Police hunt knife man over headless murder
Tuesday 21 December 1999
They submitted evidence to the prosecuting authorities linking the killing of Barry Wallace, 18, of Kilmarnock, Ayrshire, to William Beggs, jailed for six years in 1991 for a knife attack on Brian Quinlan, whom he met at a gay nightclub in Glasgow.
Police patrols in Kilmarnock have been stepped up and local people have been advised not to go out alone after dark and to avoid contact with strangers. Last Wednesday, Mr Wallace's head was discovered on an Ayrshire beach, 10 days after one of his limbs was found in Loch Lomond, 80 miles away.
Mr Wallace's torso has not yet been found and it is not known at what point he died after going missing.
In 1987, Beggs, who lives in Kilmarnock, was sentenced to life imprisonment for murdering Barry Oldham, 28, whose body was found on the North Yorkshire moors. At his trial, Beggs had pleaded self-defence, claiming Mr Oldham had made homosexual advances during a camping trip.
During his 1987 trial at Teesside Crown Court, Beggs additionally faced a number of charges of unlawful woundings relating to students and a retired head teacher. He was convicted on two of these counts. However, the murder conviction was quashed in 1989 because the appeal court decided that Beggs' trial had been seriously prejudiced by the trial judge's decision to allow the jury to hear details of the other wounding charges.
Beggs, 36, was last seen near his home two days before it was raided with battering rams by police on Friday. Since then the former council house has been sealed off by police. Beggs, originally of Co Down in Northern Ireland, moved to Kilmarnock in 1990.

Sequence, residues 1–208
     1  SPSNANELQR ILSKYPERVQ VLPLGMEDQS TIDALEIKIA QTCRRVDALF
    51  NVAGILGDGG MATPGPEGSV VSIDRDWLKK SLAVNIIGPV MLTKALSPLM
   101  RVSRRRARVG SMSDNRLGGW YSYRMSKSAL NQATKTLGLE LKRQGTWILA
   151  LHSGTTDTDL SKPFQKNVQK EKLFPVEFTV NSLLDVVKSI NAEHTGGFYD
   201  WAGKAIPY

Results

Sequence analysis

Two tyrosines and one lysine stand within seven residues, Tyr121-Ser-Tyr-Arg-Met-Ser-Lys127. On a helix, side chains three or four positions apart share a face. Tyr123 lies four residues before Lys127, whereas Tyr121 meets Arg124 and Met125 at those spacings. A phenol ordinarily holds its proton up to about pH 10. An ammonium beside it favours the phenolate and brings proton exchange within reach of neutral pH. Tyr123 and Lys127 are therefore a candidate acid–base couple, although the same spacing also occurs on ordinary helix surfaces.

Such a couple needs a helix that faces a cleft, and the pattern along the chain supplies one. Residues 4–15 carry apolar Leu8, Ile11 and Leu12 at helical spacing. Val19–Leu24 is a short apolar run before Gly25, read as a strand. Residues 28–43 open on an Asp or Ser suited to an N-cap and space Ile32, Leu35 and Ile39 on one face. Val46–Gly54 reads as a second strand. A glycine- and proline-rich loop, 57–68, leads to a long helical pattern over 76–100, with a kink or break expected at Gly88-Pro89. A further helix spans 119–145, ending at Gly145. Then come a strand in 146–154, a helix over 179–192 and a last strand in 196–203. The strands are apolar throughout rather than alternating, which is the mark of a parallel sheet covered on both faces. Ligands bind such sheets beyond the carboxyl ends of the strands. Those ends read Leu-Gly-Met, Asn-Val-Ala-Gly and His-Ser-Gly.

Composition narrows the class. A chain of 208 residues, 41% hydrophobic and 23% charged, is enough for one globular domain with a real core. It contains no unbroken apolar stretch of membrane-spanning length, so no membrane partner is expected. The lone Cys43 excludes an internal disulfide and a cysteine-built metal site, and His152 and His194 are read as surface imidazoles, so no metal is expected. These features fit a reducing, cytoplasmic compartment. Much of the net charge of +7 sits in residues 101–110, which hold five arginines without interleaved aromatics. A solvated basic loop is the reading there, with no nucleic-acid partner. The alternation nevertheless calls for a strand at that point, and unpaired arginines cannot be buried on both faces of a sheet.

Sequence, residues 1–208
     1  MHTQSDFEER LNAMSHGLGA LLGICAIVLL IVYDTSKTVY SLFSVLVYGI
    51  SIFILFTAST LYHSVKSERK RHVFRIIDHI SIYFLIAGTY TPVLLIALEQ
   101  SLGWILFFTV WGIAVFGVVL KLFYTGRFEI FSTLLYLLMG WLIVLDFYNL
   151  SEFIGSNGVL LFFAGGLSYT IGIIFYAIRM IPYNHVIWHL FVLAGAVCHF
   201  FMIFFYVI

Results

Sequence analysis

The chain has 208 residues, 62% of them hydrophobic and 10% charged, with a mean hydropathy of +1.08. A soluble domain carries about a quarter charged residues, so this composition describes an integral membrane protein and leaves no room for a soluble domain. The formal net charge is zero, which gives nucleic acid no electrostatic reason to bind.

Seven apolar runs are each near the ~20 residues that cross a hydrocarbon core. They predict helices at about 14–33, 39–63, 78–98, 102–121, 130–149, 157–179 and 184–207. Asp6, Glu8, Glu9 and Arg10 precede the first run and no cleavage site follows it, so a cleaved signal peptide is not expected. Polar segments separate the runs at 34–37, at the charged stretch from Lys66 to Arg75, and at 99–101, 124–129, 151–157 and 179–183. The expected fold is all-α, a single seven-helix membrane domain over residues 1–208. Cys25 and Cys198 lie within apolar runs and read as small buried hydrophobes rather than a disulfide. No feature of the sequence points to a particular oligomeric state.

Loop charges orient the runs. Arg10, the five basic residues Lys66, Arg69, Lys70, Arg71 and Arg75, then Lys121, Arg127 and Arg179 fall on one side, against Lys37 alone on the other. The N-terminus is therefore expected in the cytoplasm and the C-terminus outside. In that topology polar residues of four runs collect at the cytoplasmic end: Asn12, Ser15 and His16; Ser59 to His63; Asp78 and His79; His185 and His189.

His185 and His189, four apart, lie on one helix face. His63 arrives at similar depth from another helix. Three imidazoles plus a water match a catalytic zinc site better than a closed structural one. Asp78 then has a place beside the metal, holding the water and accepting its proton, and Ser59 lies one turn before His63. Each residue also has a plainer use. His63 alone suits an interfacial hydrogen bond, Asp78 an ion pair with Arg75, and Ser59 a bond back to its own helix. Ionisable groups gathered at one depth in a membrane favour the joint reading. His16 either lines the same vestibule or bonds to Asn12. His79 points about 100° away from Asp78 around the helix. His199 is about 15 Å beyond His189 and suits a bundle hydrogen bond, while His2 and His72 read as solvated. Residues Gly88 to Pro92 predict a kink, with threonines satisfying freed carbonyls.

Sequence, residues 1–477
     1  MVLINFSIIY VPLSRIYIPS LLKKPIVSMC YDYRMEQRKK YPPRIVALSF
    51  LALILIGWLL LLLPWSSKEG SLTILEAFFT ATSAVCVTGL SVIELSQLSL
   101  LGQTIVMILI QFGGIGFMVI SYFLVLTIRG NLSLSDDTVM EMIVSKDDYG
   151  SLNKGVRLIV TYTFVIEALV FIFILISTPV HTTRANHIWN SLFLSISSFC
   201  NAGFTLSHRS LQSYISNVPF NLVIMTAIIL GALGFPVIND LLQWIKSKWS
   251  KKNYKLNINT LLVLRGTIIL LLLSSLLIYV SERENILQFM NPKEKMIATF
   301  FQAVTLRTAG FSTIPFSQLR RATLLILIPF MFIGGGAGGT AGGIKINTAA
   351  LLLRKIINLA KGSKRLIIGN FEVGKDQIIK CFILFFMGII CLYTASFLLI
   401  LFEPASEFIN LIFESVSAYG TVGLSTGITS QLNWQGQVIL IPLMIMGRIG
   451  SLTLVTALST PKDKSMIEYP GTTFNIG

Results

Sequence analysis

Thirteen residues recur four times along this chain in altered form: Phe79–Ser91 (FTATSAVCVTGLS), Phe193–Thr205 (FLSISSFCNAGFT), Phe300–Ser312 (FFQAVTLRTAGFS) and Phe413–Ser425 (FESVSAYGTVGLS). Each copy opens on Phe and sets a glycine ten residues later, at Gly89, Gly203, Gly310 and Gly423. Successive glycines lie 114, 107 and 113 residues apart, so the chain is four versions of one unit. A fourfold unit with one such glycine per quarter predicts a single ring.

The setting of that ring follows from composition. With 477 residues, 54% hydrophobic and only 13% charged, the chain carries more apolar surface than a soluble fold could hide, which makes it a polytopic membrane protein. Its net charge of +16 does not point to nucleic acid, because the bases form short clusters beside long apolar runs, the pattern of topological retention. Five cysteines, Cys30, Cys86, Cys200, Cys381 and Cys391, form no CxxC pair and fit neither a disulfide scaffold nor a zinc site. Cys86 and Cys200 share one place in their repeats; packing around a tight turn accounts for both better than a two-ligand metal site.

There he became a housing officer with Kilmarnock District Council and was living in his present home when Mr Quinlan escaped naked from his first-floor window covered in blood after being attacked.
Beggs' whereabouts are unknown and last night Strathclyde Police would neither confirm nor deny that he was their prime suspect.
In a three-line statement a spokesman noted merely that a report had been submitted to the Procurator Fiscal "in respect of a named individual". Under Scottish law, the police are required to keep the Procurator Fiscal notified of developments in a criminal investigation.
A spokesman for the Crown Office in Scotland declined to explain why the police had yet to circulate a photograph of Beggs or a description of him even though, it is understood, other police forces are seeking the suspect.
It is also not known why Beggs did not become the focus of police attention until Friday, nearly a fortnight after the first body parts were discovered in Loch Lomond. Mr Wallace was reported missing on 6 December after he failed to return home from a night out.
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